Saladin's successor

In comparing America to medieval Crusaders, Iraqi insurgent Zarqawi evokes the eventual Muslim defeat.

By
May 4, 2006 18:13
4 minute read.
amotz asa el 88

amotz asa el 88. (photo credit: )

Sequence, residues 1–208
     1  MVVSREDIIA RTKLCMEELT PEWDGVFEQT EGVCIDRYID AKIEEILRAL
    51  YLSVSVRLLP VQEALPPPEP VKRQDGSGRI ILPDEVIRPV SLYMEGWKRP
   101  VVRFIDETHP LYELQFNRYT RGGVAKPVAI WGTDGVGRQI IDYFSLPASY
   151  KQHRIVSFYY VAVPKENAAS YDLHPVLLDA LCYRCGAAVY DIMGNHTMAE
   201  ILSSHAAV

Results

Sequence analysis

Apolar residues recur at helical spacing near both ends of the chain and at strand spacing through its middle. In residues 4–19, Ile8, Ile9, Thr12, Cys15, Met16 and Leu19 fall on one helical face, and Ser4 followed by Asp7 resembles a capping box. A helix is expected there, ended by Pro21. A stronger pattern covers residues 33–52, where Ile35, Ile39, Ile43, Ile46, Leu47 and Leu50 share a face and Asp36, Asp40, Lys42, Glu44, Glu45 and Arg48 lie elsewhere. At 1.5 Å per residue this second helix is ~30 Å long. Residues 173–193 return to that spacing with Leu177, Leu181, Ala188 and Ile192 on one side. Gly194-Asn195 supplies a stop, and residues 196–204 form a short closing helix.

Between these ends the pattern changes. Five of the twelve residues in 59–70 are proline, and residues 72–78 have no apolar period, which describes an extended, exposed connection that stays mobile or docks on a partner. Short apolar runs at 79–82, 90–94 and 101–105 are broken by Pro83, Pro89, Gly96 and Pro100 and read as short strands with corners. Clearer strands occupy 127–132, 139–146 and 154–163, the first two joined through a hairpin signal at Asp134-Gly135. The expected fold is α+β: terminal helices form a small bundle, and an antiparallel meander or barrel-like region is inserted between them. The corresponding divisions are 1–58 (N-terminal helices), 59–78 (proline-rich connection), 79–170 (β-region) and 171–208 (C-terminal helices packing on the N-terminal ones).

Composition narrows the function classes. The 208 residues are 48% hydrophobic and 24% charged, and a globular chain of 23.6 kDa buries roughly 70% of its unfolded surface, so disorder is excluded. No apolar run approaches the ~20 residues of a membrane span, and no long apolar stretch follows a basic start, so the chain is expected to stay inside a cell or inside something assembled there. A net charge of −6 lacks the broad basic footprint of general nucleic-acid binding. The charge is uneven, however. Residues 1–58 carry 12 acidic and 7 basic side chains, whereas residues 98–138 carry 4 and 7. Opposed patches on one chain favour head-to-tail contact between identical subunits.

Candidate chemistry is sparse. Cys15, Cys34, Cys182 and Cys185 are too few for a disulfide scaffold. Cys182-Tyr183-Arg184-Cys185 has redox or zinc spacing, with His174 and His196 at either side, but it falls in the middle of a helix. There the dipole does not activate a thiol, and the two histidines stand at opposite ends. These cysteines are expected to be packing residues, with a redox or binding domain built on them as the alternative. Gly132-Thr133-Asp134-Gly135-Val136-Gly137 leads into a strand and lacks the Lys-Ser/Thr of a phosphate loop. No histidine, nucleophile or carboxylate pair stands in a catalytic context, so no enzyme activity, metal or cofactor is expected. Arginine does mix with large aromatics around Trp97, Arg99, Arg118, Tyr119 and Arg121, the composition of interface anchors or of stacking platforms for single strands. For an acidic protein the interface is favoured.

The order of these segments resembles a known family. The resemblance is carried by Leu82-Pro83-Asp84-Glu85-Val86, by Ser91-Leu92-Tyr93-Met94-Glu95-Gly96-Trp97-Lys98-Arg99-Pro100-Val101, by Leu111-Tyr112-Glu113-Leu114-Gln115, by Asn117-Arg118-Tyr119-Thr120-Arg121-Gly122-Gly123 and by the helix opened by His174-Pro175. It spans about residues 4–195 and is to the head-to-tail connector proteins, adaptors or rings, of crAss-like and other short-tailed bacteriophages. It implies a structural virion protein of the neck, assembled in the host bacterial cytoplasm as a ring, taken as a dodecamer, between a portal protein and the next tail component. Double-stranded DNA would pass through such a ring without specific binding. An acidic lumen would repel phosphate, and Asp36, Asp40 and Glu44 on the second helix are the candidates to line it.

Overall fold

Of the assorted exhortations, bravados and metaphors with which al-Qaida's man in Iraq checkered his videotaped message to the world this week, one - the equation between today's Americans and the medieval Crusaders - deserves particular attention. First, because Abu Musab al-Zarqawi knows the millions of impoverished Muslims across the Arab world who are his target audience. For them, the Christian kingdom that lasted in the Holy Land and its environs for some two centuries epitomizes to this day Western intrusion and, more importantly, Islam's ultimate victory over it. In telling this disenfranchised population that it faces a reincarnation of the Crusaders, he both fuels enmity towards, and inspires belief in, eventual victory over the West. Secondly, the Crusaders really were a nasty lot, and the Middle East has good reason to recall them with horror. The invaders who descended on Jerusalem in 1099 ruthlessly slaughtered its Muslims and then proceeded to impose not only their rule, but also their faith, on the Holy Land. And lastly, even more than for their violence, the Crusaders are remembered in the Middle East for their glaring, and eventually also catastrophic, lack of local roots. Though well organized, theirs was a garrison kingdom that relied for its survival on a network of fortresses so massive that their thick walls stand to this day, having endured eight centuries' of wind, quake, war and neglect. Those citadels, whose ruins still dot Lebanon, Israel, Syria and Jordan, were sometimes surrounded by moats - a telling reflection of their architects' unawareness that the water with which they would surround similar structures in Europe could not be supplied in the Middle East. That foreignness eventually proved fateful. In 1187, in what proved to be their ultimate showdown with the Arabs, the Crusaders arrived at the battlefield of Hittin overlooking the Sea of Galilee dressed in heavy armor despite the baking July heat. The lightly dressed Muslims, led by the legendary Saladin, capitalized on the Crusaders' second failure, to secure sufficient water, and then set ablaze the area's abundant summertime thorns, thus trapping the Europeans in their heavy armor like chickens in cooking pots. By nightfall the Muslims' victory had been so complete that the Crusader leader, Reynald de Chatillon, was captured and offered his life in exchange for conversion. When he refused, Saladin personally slew him with his sword. Now, some in the West, whether out of ignorance or malevolence, might accept and in fact trumpet Zarqawi's implication that America's tactical performance, strategic prospects and moral cause in Iraq are no better than were the Crusaders' in Palestine. Don't believe them. TACTICALLY, America indeed made a mistake in exposing its troops so extensively in densely urban scenes, and the sooner it moves them to the sparsely settled countryside the better. Having said this, Zarqawi clearly misjudges America's resources, which unlike the Crusaders' are unlimited. America can easily reduce its casualties in Iraq, and at the same retain the local population's American-inspired emancipation. Zarqawi can rest assured that this is also what will happen. Strategically, the Crusader analogy conveniently ignores the fact that in Iraq most of the indigenous population is actually siding with the invaders - a sentiment that was made plain in their gutsy and massive turnout last year for their first-ever free elections. More importantly, the contemporary Islamist urge to ignore the rest of the world has actually been tried by their predecessors, and proven a disaster. Fearing a future European invasion, the Muslims laid waste Palestine's coastal plain, thus condemning the region to centuries of desolation and backwardness. Eventually, this tunnel vision proved an emblem of the entire Muslim civilization's self-inflicted insulation and decline. Yet such flaws in the Crusader analogy dwarf compared with its moral dimension. Zarqawi's suggestion, that "when the Crusader army entered Iraq it intended to gain control over the Islamic nation," is as ludicrous as it is manipulative. If anything, it is he and the rest of the Islamist fundamentalists who are today's Crusaders. It is Zarqawi's al-Qaida and their ilk who are out to conquer the rest of the world, and not the other way around; it is they who habitually send their children to commit suicide, as the Crusaders did in the Children's Crusade of 1212; it is Zarqawi and his colleagues who have murdered thousands of innocent civilians in their fanatic quest to conquer turf for God; and it is they who attack other faiths' shrines, as Zarqawi's people are believed to have done in February's decapitation of the Shi'ite Askariya mosque's golden dome in Samarra. Never mind that in his distortion of history Zarqawi also lumps the Jews with the Crusaders, whose destruction of Franco-German Jewry in 1096 constituted the first-ever mass murders of Jews in Europe. Never mind even that the Crusaders torched Jerusalem's Jews inside their synagogue - within walking distance of today's Damascus Gate - and subsequently banned Jewish residence in Judaism's holiest city. Just think of Saladin's refusal to raze the Holy Sepulchre, as some of his lieutenants prodded him to do after their hard-won conquest of Jerusalem. Apparently, Islam's ultimate liberator was less pious than Zarqawi.


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